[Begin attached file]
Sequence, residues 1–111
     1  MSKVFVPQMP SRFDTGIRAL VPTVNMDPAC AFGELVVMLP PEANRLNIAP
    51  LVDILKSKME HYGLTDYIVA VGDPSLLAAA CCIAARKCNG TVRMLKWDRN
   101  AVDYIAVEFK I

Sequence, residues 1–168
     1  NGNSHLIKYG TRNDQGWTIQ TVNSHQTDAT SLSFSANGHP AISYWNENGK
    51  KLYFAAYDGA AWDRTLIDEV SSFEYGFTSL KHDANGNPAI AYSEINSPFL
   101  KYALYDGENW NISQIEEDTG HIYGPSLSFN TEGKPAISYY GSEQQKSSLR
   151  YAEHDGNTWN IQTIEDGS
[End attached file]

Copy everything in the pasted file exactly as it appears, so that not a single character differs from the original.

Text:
Sequence, residues 1–111
     1  MSKVFVPQMP SRFDTGIRAL VPTVNMDPAC AFGELVVMLP PEANRLNIAP
    51  LVDILKSKME HYGLTDYIVA VGDPSLLAAA CCIAARKCNG TVRMLKWDRN
   101  AVDYIAVEFK I

Sequence, residues 1–168
     1  NGNSHLIKYG TRNDQGWTIQ TVNSHQTDAT SLSFSANGHP AISYWNENGK
    51  KLYFAAYDGA AWDRTLIDEV SSFEYGFTSL KHDANGNPAI AYSEINSPFL
   101  KYALYDGENW NISQIEEDTG HIYGPSLSFN TEGKPAISYY GSEQQKSSLR
   151  YAEHDGNTWN IQTIEDGS